If your dog is pulling while walking then a little retraining is in order. It's a matter of getting your dog to want to come with you regardless of the leash being attached. You will get multiple answers depending on whom you talk to as opinions differ on the best method to solve this problem. Some experts will suggest a Halti (head collar) which you can try. I personally believe in establishing control over the dog with training. I use a chain collar for training purposes. For strong stubborn dogs, some trainers recommend a prong collar.

Number one, put your dog on a leash before leaving the house. Make your dog sit or lie down before leaving. You walk out first and the dog should follow you out. With a proper walk, the dog should be right at your side or slightly behind. You dog should be paying attention to you, frequently glancing at you to be sure you haven't changed your mind about where you are going. I will be using the word correction. A correction will indicate a short quick tug and release of the leash. It is meant to remind the dog that he is supposed to be paying attention to you. Initially, keep training sessions short and where there will be minimal distractions even if it is just in your yard. A walk should be fast paced and not a stop and start exercise. The dog should not be investigating, sniffing or socializing on the walk. Walk to a destination and allow the dog some time at the destination to do those things.

I use a food and praise reward system. I use almost paper think pieces of hot dog as the oil from them coats your hand and keeps the smell on your hand. Let the dog smell the treat in your closed hand. This gives your dog motivation to be by your side. He should be happy to follow your hand around the yard. Keep your leash short, but without pressure on it. If the dog starts moving away, a correction toward you should be made. Give him a treat every once in a while initially so he understands walking by your side get him treats. Try to time it so it is before he gets distracted. If he starts to glance elsewhere, give a correction and tempt him with sight of the treat. When he is back to paying attention, reward him with the treat in a low calm "good boy". No excitement to your voice as you want him calm. Repeat when you think his attention is shifting. As he gets better at paying attention to you and your "smelly hand", make corrections giving more praise and less treats. Before you know it, your dog will be walking right next to you all the time, with or without treats. When you stop, praise your dog with your voice or a few pats to let your dog know how good he has done. You can train him to sit or lay down when you stop if you want as well. This helps prevent his trying to run off if you stop to talk to someone.

Once your dog is pretty much always walking at your side, you will want to make a correction any time he stops paying attention to you. For instance, they are looking at a cat in a yard, give a correction so they look at you. if he is busy looking ahead and hasn't glanced at you for awhile, give a correction and reverse your direction. Do not stop and wait for the dog, just a quick correction and reverse and walk. They learn to keep an eye on you as well as on what else is going on. Try an be confident during these training sessions. Try not to look down at your dog but more out of the corner of your eye. Act like you are paying attention to the scenery. It sounds strange, but it does work.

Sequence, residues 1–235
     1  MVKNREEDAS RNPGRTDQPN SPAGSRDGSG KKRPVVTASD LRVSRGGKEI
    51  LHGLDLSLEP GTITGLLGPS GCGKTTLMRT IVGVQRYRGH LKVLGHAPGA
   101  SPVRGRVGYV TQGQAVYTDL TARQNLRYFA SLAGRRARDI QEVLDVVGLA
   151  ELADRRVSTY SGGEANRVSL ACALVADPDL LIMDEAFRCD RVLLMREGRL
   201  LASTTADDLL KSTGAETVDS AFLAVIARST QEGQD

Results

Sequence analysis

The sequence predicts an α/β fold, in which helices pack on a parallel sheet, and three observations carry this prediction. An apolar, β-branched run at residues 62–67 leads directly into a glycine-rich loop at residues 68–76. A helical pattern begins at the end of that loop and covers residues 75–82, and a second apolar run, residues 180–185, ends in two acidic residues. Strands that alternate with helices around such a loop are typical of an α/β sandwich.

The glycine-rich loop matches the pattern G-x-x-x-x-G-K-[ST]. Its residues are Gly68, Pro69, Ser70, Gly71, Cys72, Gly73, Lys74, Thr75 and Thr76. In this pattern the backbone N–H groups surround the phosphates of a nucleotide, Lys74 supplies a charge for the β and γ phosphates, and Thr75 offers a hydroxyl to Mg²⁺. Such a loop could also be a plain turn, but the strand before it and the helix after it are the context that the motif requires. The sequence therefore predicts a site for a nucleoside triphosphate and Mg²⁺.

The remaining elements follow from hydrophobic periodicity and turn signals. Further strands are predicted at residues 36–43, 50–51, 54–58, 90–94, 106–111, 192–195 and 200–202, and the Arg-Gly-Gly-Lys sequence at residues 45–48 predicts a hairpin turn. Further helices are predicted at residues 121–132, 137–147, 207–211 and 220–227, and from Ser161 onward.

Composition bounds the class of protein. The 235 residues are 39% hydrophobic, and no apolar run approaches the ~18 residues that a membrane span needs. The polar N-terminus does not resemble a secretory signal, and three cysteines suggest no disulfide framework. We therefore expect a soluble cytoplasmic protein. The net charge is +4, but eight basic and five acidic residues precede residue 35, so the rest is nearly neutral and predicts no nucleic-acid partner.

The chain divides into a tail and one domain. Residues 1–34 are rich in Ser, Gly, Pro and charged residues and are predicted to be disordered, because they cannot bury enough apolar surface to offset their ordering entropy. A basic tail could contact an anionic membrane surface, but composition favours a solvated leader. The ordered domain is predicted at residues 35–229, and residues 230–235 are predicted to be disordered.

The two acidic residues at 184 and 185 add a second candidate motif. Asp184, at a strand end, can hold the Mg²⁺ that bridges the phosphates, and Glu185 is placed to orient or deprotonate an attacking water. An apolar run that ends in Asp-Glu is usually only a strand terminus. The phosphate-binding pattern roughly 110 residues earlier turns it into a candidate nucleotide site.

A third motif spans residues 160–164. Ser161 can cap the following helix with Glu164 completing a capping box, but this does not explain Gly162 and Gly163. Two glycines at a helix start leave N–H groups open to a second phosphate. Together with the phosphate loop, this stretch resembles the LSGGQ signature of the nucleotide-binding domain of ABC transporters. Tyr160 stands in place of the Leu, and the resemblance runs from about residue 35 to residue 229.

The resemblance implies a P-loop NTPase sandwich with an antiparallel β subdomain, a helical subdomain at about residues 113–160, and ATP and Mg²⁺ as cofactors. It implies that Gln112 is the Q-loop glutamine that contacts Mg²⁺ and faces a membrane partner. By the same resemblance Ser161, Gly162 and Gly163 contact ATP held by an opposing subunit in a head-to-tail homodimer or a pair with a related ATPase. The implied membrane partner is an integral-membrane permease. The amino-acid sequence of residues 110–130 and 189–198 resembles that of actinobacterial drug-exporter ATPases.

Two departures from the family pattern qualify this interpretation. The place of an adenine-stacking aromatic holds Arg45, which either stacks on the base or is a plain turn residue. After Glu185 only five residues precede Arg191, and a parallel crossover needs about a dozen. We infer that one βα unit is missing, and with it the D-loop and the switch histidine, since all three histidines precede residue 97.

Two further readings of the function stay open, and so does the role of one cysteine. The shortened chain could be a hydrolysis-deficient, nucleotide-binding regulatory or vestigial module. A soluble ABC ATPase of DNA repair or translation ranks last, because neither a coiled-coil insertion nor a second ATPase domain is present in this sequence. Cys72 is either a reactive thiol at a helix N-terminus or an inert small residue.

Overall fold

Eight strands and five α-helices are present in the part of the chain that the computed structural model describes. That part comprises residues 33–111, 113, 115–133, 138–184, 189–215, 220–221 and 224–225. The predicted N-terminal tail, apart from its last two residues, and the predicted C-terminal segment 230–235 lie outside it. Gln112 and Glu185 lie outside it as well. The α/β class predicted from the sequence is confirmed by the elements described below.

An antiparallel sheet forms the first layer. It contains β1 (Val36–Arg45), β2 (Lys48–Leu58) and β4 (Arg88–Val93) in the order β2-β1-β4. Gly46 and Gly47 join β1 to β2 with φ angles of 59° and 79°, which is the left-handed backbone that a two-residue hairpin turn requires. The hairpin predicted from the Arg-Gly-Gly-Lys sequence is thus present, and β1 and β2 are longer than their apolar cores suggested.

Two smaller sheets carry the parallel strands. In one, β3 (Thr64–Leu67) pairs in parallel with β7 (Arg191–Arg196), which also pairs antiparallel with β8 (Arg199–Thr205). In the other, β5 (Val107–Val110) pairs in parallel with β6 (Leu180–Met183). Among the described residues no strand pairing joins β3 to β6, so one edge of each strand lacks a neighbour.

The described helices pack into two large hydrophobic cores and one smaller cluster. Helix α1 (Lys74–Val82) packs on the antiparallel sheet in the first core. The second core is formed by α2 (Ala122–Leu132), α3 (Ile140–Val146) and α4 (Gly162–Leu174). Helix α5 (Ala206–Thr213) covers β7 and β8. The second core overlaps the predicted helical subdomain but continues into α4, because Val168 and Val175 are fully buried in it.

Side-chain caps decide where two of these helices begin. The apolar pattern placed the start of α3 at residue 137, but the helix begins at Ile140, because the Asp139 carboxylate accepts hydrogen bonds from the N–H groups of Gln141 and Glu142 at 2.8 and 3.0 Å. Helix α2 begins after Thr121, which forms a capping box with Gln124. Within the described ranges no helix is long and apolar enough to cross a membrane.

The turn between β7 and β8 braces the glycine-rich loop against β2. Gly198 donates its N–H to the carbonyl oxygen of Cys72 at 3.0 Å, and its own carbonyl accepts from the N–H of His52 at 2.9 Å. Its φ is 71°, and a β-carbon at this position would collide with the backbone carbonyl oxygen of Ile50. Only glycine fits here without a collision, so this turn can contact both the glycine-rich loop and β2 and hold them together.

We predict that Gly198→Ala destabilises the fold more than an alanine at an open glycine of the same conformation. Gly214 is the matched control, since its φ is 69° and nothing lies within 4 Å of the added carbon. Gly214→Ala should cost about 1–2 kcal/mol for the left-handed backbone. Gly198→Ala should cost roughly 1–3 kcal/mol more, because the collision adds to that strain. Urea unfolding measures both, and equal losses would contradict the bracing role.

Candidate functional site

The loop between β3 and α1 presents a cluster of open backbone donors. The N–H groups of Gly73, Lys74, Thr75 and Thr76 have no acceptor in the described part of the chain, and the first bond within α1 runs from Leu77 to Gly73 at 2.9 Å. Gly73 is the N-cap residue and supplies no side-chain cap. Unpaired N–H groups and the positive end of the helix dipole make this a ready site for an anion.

Once your dog is doing well in the yard, try adding a few distractions such as family in the yard, then progress to another dog around continuing to correct if he even looks like he is going to glance at the other dog. If you wait till he is already distracted, it is too late. You have to catch him before he focuses on the other animal or person. It is a lot of work and takes lots of practice but it does work.


Now I want you to start walking her with the hot dog slivers in your hand first so she understands that walking next to you gets her the treats and starts associating the smell in your hand, then start having your oldest child use the same technique to get her walking next to him in the same manner and then train each child in turn before letting them work with her with distractions.

Train the pup the same way. Please do not use the heel kick on your dogs. Cesar is actually kicking the dog in the liver which isn't a very pleasant thing to do to a dog can be considered abuse. Also holding a dog down does not make them submissive. If you can verbally get them to lay down and roll over or on their side in a submissive manner, that is good, but forcing it just makes a dog mad.

Let the kids work on the obedience training in a structured manner. Put aside 15 minutes twice a day and let the kids train mom while you work with the younger dog. The following site is helpful in helping owners train their dog. Be sure and click on the link to the page on obedience at the bottom. and links on subsequent pages leading to detailed instructions.

Training works best if you train at least 30 minutes a day (two 15 minute sessions). I would start making your dog work via the Nothing in life is free program (NILF). It is outlined below.

Additionally you might switch to a harness with a front chest leash clip. When the dog pulls, she automatically will be pulled back around to face the walker. They usually stop pulling as a result.

I hope this information is helpful to you. If you would like any additional information or have more questions please don’t hesitate to press the reply to expert or continue conversation button so I can address any issues you still have . If you do find this helpful, please take this opportunity to rate my answer.

Expert:  Jane Lefler replied 1 year ago.
I'm just following up on our conversation about your pet. How is everything going?
Jane Lefler

Related Dog Training Questions